Applied Corporate Strategy
Part 1 (30%):
Objective: Pick an organisation of your choice and describe, using a model/theory that we studied in class, the corporate culture that exists at that company.
Can You Say What your Strategy is ?( Article of Swedish Furniture Company Ikea’s Strategy)
• Assignment is to be no more than One page in length, font size 12.
Part 2 – Article (30%):
Almost 1500 CEOs quit or were fired last year in the US – about 6 per day on average, therefore you have to have a succession plan in place. Drawing on the articles reviewed in class, expand on what a company can do to in relation to replacing a CEO.
• Assignment is to be no more than One page in length, font size 12.
Part 3 – Case Study – 40% – (Written part 20%, Presentation part 20%):
Disney – the battle for the Magic Kingdom
Case Study Questions:
1. Why has Disney become an acquisition target?
2. What strategies would an acquirer pursue in order to restore profitability to Disney?
3. “In reality acquisitions are an uncertain strategy”. Why do you think that so many acquisitions fail?
The answers to the above questions will be presented by the student at the end of the second week of exams
Case study details:
All assignment questions carry equal marks
Line spacing: 1.5 spacing
Font: Times New Roman point 12
Word limit for document: Maximum 1500 words (not including bibliography)
Part 3 – Case Study (40% in total)
Disney – the battle for the Magic Kingdom
The case is set in February 2004.
Comcast, America’s biggest cable company, has launched an audacious bid for Disney. The timing is shrewd, for Michael Eisner, Disney’s boss, is under attack for poor governance and disappointing results.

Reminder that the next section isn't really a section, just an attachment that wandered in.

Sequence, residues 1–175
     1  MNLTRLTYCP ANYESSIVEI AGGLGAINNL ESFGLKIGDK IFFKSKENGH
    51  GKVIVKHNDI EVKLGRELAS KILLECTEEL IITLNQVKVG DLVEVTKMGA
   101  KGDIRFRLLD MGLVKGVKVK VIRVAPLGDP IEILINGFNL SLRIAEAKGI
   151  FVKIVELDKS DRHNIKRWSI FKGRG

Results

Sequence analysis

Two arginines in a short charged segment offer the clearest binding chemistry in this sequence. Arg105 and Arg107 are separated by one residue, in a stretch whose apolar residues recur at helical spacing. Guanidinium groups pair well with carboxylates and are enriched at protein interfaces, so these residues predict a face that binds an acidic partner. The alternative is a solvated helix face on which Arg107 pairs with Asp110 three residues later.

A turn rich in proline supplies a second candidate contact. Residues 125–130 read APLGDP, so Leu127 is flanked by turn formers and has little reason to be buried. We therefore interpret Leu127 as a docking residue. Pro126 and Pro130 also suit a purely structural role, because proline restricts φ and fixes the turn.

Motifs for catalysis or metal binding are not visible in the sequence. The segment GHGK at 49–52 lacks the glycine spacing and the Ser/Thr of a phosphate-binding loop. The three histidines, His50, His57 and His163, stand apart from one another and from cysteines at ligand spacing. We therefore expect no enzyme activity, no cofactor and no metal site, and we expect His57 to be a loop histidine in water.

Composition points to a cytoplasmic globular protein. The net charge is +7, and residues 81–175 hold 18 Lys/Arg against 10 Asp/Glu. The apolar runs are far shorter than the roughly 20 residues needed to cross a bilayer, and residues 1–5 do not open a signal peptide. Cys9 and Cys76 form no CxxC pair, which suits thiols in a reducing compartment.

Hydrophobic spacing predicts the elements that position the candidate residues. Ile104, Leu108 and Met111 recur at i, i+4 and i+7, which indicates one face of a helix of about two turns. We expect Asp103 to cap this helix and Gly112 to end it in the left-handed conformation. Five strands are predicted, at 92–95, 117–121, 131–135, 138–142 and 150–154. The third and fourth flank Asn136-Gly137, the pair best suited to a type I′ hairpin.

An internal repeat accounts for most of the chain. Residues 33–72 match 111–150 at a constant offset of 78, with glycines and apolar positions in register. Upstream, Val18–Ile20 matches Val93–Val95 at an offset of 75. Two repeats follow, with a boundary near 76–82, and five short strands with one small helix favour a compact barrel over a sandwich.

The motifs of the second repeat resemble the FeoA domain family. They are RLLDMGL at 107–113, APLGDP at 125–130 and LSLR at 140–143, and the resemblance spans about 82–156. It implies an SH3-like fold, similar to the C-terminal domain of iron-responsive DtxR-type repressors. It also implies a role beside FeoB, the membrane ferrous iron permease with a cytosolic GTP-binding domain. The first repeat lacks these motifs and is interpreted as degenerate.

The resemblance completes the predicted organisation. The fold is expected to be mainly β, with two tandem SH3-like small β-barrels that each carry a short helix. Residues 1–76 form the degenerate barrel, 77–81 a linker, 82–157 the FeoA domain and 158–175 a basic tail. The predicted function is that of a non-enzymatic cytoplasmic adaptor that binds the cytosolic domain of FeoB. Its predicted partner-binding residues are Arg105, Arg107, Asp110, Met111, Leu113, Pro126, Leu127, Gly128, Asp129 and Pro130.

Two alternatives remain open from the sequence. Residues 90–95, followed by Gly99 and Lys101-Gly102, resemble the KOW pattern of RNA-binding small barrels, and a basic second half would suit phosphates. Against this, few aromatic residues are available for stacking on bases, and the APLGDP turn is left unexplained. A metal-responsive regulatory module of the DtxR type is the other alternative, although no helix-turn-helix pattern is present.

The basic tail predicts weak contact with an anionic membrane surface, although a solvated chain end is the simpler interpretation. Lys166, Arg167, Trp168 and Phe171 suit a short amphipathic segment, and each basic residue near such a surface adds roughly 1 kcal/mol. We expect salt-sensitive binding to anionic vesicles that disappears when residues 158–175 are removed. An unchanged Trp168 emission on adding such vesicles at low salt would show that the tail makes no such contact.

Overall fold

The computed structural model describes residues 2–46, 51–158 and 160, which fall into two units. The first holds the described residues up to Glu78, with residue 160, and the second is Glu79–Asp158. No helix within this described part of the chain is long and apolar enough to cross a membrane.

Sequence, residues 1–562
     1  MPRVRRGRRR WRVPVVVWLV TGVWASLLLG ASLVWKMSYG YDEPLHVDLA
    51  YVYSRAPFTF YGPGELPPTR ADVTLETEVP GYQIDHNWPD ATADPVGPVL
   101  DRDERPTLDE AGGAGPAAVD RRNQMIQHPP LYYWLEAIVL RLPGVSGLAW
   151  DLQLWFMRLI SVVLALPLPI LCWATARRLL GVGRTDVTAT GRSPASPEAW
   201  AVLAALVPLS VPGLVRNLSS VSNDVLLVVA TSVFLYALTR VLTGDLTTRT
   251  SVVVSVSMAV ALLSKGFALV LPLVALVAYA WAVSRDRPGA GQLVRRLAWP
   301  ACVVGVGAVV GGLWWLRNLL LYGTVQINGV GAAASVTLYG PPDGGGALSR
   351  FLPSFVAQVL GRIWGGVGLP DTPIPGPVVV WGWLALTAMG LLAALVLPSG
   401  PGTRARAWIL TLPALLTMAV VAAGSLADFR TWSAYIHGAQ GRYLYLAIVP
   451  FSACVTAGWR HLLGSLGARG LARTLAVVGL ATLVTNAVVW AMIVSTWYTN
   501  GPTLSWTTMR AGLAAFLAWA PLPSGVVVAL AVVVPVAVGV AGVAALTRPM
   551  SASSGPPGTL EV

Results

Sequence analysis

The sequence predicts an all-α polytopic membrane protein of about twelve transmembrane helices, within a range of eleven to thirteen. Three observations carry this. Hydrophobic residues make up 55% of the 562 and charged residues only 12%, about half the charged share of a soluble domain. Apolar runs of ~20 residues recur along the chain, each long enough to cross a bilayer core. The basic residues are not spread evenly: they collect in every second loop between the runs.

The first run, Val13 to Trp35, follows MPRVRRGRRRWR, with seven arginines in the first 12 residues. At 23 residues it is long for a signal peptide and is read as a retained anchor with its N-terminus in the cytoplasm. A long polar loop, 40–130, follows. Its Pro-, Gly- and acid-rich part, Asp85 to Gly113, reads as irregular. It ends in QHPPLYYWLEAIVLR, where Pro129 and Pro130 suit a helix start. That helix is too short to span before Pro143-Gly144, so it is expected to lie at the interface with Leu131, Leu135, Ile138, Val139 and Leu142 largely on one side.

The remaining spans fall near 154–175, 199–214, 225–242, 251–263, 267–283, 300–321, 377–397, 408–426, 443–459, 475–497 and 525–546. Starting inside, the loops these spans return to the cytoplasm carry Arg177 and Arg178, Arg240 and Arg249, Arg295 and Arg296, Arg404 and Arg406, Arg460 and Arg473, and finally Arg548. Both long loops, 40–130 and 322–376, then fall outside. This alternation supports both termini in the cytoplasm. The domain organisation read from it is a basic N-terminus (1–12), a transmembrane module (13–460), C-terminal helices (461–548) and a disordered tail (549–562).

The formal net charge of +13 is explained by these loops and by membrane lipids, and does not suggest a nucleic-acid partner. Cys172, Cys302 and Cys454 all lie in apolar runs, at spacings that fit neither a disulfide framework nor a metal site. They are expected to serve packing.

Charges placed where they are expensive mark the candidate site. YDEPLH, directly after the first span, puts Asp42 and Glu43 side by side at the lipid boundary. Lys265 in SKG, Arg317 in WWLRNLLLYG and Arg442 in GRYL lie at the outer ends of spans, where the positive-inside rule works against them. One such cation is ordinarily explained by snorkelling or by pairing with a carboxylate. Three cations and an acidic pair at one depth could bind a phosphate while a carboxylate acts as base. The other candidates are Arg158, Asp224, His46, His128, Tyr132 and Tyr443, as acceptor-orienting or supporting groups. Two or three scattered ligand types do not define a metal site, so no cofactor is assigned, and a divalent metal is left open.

Comcast is taking advantage of a particularly weak point in Disney’s history. Last month Disney’s most important business partner, Pixar, an animation studio, abandoned it. At the end of the last year, two board members, Roy Disney and Stanley Gold, resigned and started a campaign to oust Michael Eisner, Disney’s boss. On the day that Comcast announced its bid, Disney’s executives started an investor conference in Florida, an occasion they had counted on to boost the company and its share price. The share price did indeed jump, but this was thanks to Comcast’s bid, initially worth $66 billion, rather than to any of Disney’s business plans.
At its get-together with investors, the Disney high command behaved as if the Comcast bid had never happened. Indeed, the bidder’s name was barely mentioned, until Mr Eisner joked that ‘we’re buying Comcast’ when asked about possible acquisitions. The Disney boss also argued against the sort of consolidation that media distributors like Comcast have pursued. Mr. Eisner said ‘Concentration of distribution usually hurts the small guy (not) the large player’.
Mr Eisner’s dismissal of Comcast’s approach was backed up by Disney’s board, which formally rejected the hostile bid on Monday Feb 16th and expressed confidence in Mr Eisner’s leadership. However, the board also said it would ‘consider any legitimate proposal’. The problem was that Comcast’s all share bid, which by then had fallen in value to $60 billion, did not ‘reflect fully Disney’s intrinsic value and earnings prospects’.